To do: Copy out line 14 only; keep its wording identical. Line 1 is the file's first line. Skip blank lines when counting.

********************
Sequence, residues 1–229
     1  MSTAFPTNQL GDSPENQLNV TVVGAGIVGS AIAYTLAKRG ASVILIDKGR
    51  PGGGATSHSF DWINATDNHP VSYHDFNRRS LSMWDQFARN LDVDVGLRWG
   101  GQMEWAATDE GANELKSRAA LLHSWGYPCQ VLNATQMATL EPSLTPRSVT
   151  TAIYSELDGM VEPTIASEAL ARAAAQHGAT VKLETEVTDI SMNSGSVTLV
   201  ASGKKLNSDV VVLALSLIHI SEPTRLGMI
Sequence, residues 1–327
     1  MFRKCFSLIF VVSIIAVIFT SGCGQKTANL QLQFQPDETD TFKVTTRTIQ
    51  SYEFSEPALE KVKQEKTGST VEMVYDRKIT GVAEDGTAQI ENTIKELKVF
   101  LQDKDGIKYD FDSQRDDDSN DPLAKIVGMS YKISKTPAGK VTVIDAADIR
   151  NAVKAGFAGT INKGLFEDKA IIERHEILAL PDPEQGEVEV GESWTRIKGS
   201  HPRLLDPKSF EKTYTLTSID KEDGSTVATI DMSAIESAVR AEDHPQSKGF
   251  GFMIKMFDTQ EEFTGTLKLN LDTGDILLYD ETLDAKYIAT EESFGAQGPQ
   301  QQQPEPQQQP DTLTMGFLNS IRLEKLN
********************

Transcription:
   301  QQQPEPQQQP DTLTMGFLNS IRLEKLN